US Court Holds Google’s Book Digitisation is ‘Fair Use’
April 2, 2013 | Copyright Advocacy
On 14 November, Judge Denny Chin held that Google’s digitisation of millions of books was ‘fair use’ under US copyright law.
The decision (available here) is the latest development in the protracted legal process since authors and publishers initially took legal action against Google in 2005.
Authors’ and publishers’ representatives reached a ‘class action’ settlement agreement in 2008, which would have delivered payments to authors and publishers (the ‘Google Book Settlement’). The agreement was, however, rejected by Judge Chin in 2011 (see also here). Judge Chin encouraged the parties to develop a proposal based on ‘opt-in’ rather than ‘opt-out’.
The Association of American Publishers (AAP) subsequently reached a settlement agreement with Google, for five AAP members, that did not require court approval.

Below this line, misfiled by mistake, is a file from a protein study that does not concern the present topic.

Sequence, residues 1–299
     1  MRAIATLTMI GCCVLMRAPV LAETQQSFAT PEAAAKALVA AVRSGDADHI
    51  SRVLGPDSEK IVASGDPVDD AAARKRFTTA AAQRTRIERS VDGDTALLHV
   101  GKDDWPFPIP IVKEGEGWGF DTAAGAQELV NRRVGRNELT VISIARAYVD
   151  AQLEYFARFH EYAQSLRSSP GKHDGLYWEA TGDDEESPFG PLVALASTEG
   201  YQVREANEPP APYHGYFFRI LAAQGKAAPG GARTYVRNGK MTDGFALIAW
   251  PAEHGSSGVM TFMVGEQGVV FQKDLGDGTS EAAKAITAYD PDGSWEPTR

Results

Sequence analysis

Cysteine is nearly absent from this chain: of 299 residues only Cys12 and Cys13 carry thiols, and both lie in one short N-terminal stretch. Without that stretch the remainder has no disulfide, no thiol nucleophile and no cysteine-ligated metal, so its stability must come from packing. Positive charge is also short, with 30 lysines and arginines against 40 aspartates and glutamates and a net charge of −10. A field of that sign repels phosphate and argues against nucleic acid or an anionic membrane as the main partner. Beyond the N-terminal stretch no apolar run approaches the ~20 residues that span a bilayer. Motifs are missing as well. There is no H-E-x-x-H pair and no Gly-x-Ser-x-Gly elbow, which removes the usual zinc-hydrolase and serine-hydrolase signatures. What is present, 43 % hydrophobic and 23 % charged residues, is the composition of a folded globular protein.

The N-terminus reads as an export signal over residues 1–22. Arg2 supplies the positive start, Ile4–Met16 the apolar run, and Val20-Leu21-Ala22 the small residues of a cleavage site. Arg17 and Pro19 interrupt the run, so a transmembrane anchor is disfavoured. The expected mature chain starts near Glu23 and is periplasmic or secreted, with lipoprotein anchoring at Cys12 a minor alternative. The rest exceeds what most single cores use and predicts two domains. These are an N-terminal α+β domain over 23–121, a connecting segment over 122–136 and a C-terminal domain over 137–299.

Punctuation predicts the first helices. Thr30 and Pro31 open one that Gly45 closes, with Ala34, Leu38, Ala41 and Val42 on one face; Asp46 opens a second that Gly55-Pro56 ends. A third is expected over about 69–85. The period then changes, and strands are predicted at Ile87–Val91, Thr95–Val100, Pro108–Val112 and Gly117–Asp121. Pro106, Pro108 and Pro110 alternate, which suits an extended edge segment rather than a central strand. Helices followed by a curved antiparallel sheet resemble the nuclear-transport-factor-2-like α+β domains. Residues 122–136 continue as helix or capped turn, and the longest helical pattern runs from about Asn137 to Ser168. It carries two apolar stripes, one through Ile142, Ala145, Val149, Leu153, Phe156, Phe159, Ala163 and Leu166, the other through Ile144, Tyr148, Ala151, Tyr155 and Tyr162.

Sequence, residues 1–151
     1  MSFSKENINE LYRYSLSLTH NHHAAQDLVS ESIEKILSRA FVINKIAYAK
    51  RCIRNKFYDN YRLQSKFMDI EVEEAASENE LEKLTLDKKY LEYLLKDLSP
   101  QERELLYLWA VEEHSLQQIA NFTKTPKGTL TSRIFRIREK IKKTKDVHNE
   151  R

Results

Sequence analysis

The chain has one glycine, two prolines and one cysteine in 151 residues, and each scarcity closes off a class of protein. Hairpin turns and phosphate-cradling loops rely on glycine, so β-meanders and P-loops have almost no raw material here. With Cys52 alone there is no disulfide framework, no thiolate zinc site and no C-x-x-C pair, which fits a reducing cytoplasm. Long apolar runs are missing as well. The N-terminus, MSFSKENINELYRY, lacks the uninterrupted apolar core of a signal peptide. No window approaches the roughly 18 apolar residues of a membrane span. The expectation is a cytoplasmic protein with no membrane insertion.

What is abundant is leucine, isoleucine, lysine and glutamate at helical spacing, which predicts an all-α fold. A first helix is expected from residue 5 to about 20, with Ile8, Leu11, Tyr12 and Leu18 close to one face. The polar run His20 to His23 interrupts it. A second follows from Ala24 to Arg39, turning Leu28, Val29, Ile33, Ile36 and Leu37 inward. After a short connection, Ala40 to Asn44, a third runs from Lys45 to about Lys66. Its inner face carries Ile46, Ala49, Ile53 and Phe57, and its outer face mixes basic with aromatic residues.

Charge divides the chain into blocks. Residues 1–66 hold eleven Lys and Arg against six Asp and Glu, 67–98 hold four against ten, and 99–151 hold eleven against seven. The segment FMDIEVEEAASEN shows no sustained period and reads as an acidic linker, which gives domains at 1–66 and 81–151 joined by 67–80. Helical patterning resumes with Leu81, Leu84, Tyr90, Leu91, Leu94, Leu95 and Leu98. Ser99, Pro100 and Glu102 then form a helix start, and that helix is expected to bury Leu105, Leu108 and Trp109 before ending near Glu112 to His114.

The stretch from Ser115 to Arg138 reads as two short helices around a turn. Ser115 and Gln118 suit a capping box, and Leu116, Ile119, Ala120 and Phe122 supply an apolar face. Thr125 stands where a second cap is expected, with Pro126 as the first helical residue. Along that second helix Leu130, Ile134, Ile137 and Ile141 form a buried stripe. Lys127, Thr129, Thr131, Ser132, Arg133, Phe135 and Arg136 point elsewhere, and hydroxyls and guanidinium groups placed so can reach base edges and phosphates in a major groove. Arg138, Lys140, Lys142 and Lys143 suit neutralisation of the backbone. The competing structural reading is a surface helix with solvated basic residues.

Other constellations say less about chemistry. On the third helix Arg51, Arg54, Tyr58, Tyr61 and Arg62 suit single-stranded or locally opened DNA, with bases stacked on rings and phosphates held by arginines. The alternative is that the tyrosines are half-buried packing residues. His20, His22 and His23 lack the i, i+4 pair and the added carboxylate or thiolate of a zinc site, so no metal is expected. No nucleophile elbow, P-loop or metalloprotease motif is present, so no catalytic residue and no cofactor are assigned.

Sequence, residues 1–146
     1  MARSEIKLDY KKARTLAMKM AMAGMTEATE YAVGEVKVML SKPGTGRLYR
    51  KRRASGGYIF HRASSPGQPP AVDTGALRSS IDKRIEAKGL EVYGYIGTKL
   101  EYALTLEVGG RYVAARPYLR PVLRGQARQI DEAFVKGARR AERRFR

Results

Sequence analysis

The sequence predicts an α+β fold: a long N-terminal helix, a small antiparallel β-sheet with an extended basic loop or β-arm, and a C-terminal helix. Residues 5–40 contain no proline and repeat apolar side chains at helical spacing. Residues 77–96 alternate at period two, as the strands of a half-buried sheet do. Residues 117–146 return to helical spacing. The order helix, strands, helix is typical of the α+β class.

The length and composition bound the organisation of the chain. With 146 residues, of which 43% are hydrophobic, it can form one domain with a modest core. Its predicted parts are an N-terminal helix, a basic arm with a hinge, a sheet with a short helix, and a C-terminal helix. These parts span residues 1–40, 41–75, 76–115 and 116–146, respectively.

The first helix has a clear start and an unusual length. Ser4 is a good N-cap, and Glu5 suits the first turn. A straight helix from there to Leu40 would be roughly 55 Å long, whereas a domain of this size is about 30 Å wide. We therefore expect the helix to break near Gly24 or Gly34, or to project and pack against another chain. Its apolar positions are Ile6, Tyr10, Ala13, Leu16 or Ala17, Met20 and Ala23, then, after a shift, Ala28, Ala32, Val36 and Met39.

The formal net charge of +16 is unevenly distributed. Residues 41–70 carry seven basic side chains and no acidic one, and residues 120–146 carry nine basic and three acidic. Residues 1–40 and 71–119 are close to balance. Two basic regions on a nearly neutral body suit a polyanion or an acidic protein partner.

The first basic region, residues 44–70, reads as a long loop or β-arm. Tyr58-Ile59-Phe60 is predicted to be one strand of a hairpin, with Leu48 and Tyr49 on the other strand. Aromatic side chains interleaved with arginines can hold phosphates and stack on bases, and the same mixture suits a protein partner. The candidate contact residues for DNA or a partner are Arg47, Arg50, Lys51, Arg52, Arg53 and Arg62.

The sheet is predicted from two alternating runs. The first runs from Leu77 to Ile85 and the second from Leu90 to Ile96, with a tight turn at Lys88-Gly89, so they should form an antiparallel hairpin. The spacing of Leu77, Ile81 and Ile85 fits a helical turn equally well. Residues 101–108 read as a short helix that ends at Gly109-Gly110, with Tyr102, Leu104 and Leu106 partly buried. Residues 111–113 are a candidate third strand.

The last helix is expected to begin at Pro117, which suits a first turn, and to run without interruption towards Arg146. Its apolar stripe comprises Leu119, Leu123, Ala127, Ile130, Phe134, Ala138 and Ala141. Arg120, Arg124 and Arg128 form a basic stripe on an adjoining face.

The Authors Guild proceeded to develop an ‘opt-in’ proposal for approval by the court.
In 2012, Google applied to the US Second Circuit Court of Appeals, seeking to overturn Judge Chin’s approval for the Authors Guild to proceed with a class action.
In July 2013, the Court of Appeals held that any decision about whether the Authors Guild could represent a class of authors should come after a determination about whether Google’s activities were allowed by the ‘fair use’ exception. The was sent back to Judge Chin to make that determination, which he has now made in favour of Google.
The Authors Guild has announced that it will appeal the decision.
The decision is significant for Australia, because of a proposal by the Australian Law Reform Commission that Australia introduce a ‘fair use’ exception similar to that in the US. The longstanding litigation in the US is an indicator of the concerns by authors and others about the capacity for fair use to be employed by online giants such as Google.
It is also worth noting the Google Book Settlement indicated a willingness by authors to allow the project to proceed, provided there were arrangements for fair compensation. The case perhaps highlights the limitations of the US legal environment to enable an arrangement that both facilitates the undoubted benefits of Google Books with some provision for the creators of the books.